Female leadership is a hot topic in today’s workplace, especially in the energy and engineering sectors. Fields typically dominated by males are seeing a shift, with more women entering the STEM (science, technology, engineering and math) industry and assuming leadership roles.
So, what does it take for a woman to get a seat at the table with industry playmakers?
Heather Rivard, senior vice president of Distribution Operations – DTE Energy’s largest operational group – credits her success to diverse teams and mentors, supportive and constructive leaders, and above all, confidence. Steadily moving her way up the career ladder, she is known for sharing her success with others, helping both men and women overcome obstacles and move forward in their careers.
Rivard will receive national recognition for her mentorship by becoming one of 11 people across the nation ever to accept the Midwest Energy Association Energetic Woman Maverick Award. The Maverick Award recognizes senior leaders who advocate for the professional advancement of women, understand the value of diverse leadership teams and believe in the empowerment of women. Rivard will officially accept the award at the National Energetic Women’s Conference on June 22 in Orlando, Florida.
“Heather has and continues to mentor women at all levels in the organization,” said Dave Meador, DTE Energy Vice Chairman and Chief Administration Officer. “Taking the time to provide observation, feedback and coaching has been invaluable to other women at the company. We are fortunate to have Heather as a senior female leader, not only in moving the company towards excellence, but also in developing talented, engaged and energetic women of DTE Energy.”
Rivard believes the most important thing women can do to move ahead is to trust in their ability to do the job.
“The thing that often holds us back is confidence,” said Rivard. “If we could remove the lack of confidence, and if women believed they could do whatever they want to do, then they will.”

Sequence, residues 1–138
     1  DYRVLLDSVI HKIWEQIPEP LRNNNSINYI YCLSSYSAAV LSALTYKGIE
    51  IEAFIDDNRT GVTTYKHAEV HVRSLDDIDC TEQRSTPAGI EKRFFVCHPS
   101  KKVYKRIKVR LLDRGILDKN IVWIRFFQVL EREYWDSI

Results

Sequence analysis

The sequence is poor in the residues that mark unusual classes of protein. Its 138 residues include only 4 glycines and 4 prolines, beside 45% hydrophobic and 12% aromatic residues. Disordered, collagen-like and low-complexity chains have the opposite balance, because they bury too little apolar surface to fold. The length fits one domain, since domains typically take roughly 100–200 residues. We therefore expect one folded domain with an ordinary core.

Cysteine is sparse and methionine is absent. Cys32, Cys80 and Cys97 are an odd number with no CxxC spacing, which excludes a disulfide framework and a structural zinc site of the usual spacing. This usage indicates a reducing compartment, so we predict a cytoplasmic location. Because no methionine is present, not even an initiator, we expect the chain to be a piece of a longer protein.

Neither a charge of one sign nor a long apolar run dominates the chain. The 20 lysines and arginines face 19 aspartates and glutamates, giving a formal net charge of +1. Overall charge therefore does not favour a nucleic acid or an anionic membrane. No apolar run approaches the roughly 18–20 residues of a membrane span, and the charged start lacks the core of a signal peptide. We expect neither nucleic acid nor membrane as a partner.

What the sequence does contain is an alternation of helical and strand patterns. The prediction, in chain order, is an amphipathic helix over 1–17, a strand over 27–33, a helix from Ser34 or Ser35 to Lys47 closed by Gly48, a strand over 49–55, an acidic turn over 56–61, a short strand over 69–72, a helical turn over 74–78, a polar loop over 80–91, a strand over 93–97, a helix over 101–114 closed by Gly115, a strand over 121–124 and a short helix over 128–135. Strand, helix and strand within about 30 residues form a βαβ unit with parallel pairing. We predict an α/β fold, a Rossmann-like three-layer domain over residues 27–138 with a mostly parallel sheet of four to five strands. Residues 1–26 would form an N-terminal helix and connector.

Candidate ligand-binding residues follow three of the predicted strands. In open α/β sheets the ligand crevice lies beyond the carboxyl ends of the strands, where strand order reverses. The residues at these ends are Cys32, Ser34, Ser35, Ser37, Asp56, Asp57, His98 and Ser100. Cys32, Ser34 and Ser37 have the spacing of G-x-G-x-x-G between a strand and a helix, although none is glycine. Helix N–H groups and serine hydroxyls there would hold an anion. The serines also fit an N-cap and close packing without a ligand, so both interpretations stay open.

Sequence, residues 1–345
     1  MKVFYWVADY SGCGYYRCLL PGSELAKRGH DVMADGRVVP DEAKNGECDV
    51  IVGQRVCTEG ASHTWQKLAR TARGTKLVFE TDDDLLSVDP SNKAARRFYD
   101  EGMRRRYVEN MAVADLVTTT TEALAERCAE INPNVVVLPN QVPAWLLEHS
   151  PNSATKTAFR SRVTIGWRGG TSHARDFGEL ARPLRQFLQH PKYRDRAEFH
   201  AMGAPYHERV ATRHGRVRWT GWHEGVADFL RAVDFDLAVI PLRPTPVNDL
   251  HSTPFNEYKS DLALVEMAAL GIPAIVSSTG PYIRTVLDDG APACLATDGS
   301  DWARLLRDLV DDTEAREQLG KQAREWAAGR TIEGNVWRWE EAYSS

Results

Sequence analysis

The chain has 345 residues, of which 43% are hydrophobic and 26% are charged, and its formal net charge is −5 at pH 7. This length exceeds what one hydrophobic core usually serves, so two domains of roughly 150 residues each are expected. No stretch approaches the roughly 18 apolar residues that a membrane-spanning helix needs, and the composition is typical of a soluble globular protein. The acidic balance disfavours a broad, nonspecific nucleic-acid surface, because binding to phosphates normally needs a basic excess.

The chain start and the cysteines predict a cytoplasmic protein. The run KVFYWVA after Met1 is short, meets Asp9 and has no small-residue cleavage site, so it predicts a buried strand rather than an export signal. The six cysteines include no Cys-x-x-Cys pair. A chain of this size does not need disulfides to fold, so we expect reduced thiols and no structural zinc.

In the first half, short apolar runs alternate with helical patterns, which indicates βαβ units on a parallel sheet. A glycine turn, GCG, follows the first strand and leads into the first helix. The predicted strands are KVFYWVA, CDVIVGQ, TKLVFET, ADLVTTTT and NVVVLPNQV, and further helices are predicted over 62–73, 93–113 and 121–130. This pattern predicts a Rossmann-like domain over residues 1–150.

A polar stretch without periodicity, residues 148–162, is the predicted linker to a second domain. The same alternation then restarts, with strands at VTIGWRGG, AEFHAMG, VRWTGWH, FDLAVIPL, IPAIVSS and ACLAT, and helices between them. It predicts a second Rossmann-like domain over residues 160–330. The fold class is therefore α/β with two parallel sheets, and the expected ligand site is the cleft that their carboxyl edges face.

Rivard believes her courage, character and confidence stems from the many years she spent as a Girl Scout, which would make sense considering 64 percent of today’s female leaders in the United States were once Girl Scouts. She continues to be involved in the organization, only recently handing her Girl Scout board position over to Morgan Elliott Andahazy, director of Service Operations, DTE Electric.
Rivard also learned a lot from her mother, a woman who obtained both a bachelor’s and master’s degree while working full-time and raising three daughters on her own. Watching her mother juggle three full-time schedules taught Rivard the value of pushing forward when things get hard.
“We had nothing growing up,” she reflected. “We were on the free government lunch program, living paycheck to paycheck, yet she never gave up. It probably would’ve been easier for her in the short run to not get a degree and just focus on working as much as possible. Yet, she went to work full time and school full time because she saw the potential of what she could accomplish even though it was really hard in the beginning.”
Her mother’s determination to see her education through (and a nudge from a high school guidance counselor) inspired Rivard to go after a degree in Aerospace Engineering at the University of Michigan College of Engineering. She later went on to work for NASA and ANSER before joining DTE, where she has held many different positions over the last 25 years. Rivard also completed her MBA at U-M while an employee at DTE.
Throughout school and work, Rivard has always been sure of her ability to achieve success and has never felt she had to factor in her gender.
“I’ve never been in a meeting and thought to myself, ‘I’m a female and how should I behave,’” explained Rivard. “I just do what I think is right, and I don’t overthink it.”